A Year After Students Disappeared, Mexico’s Judiciary Still Weak as Ever

Relatives of the 43 missing Ayotzinapa teachers' college students lead a march marking the one-year anniversary of the students' disappearances, Chilpancingo, Mexico, Sept. 26, 2015 (AP photo by Rebecca Blackwell).
Relatives of the 43 missing Ayotzinapa teachers' college students lead a march marking the one-year anniversary of the students' disappearances, Chilpancingo, Mexico, Sept. 26, 2015 (AP photo by Rebecca Blackwell).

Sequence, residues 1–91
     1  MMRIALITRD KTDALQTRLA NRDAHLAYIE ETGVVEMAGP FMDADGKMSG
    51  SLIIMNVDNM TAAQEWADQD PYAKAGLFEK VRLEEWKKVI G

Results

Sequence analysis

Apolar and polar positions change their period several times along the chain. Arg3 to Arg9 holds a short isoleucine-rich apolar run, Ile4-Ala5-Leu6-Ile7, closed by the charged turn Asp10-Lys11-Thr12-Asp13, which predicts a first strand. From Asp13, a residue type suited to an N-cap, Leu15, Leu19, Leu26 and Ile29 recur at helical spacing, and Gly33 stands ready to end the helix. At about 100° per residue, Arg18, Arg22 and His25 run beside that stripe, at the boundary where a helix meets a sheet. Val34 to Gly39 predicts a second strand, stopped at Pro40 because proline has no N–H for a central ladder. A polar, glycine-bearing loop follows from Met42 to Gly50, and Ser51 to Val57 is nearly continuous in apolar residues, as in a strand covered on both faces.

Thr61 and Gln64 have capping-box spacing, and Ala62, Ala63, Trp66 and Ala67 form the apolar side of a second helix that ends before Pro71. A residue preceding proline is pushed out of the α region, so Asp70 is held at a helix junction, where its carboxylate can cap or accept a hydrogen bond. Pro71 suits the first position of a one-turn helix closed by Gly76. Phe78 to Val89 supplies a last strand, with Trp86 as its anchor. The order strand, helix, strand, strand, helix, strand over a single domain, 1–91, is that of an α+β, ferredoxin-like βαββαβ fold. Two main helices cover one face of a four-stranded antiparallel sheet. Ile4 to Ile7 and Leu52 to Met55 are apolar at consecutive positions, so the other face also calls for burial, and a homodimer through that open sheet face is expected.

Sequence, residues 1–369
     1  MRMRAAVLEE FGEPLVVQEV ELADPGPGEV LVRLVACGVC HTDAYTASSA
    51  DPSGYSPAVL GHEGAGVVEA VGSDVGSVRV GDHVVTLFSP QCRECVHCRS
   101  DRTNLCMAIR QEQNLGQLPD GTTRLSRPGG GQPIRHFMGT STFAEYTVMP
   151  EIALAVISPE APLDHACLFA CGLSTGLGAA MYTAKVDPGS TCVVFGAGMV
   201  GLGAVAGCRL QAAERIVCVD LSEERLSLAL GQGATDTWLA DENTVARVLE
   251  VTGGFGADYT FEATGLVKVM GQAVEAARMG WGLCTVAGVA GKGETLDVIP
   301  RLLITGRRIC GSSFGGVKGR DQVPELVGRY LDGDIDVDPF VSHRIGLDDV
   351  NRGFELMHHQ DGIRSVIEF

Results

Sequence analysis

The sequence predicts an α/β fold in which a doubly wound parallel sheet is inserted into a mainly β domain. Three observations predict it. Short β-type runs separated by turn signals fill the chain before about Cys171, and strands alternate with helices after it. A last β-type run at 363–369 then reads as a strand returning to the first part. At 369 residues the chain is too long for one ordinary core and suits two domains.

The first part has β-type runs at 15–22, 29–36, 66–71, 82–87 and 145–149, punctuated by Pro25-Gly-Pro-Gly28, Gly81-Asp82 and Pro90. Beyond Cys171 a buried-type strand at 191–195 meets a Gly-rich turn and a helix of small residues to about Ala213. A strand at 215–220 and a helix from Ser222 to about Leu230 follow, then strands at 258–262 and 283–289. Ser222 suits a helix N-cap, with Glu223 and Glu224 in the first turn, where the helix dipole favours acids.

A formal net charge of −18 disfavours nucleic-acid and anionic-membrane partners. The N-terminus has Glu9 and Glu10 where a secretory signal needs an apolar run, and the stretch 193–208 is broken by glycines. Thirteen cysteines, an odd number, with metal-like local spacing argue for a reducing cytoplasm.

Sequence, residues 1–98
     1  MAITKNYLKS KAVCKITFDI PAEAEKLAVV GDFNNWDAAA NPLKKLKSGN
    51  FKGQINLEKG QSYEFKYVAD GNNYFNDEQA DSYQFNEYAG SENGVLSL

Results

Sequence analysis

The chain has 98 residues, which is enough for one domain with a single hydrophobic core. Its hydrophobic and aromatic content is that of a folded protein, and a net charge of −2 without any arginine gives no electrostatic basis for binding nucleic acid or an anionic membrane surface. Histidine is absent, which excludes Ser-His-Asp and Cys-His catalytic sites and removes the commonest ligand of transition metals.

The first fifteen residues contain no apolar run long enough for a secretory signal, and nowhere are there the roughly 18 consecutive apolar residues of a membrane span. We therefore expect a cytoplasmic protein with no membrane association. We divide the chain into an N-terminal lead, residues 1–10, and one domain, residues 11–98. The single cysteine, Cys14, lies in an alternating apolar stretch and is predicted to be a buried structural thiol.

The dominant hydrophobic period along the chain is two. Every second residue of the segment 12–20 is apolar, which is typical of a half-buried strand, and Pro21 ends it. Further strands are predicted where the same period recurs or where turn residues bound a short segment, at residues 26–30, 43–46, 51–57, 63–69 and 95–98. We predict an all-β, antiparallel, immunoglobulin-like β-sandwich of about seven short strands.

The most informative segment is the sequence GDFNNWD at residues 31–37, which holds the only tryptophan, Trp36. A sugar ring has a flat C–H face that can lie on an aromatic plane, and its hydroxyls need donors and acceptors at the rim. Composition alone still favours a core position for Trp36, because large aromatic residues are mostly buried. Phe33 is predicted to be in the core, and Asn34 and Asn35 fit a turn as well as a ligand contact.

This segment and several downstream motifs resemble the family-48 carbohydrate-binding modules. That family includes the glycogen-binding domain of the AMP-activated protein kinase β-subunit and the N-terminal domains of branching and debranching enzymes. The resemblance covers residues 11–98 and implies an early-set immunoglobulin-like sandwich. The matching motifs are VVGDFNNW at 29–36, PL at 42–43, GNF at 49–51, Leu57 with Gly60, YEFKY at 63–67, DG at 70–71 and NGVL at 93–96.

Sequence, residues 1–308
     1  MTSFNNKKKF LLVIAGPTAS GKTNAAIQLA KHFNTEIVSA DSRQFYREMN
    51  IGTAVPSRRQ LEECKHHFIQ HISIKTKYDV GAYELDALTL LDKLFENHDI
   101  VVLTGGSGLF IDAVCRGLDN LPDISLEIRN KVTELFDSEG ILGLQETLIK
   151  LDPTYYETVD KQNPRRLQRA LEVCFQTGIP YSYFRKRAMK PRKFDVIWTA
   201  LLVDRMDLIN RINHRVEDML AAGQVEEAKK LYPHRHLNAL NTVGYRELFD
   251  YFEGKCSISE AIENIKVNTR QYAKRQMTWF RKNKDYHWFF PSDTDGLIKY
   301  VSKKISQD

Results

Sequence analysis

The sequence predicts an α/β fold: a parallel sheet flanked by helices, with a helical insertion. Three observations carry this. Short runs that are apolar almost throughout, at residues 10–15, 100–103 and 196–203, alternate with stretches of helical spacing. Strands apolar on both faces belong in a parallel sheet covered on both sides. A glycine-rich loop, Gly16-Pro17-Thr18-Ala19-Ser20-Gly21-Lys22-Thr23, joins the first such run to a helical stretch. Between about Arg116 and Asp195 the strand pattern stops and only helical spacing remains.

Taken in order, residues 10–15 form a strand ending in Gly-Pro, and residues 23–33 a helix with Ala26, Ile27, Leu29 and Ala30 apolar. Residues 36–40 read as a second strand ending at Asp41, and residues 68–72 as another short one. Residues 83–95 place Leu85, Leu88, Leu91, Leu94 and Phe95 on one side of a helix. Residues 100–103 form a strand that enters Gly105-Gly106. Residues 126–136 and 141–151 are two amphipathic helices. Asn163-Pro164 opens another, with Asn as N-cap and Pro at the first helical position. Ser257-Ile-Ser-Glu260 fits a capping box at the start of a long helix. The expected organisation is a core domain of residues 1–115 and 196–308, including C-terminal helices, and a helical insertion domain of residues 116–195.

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A year after 43 rural college students were forcibly disappeared in southern Mexico, human rights activists, teachers unions and university students have again taken to the streets to demand justice. For many, the tragedy—known as Ayotzinapa, after the name of the teachers’ college the students attended—has become symbolic of the violence and impunity afflicting Mexico as a whole. Earlier this month, a long-awaited report by the Organization of American States’ Inter-American Commission on Human Rights cast doubts on the official version of events and pointed to extraordinary deficiencies in the investigation carried out by the federal government. On Sept. 26, […]

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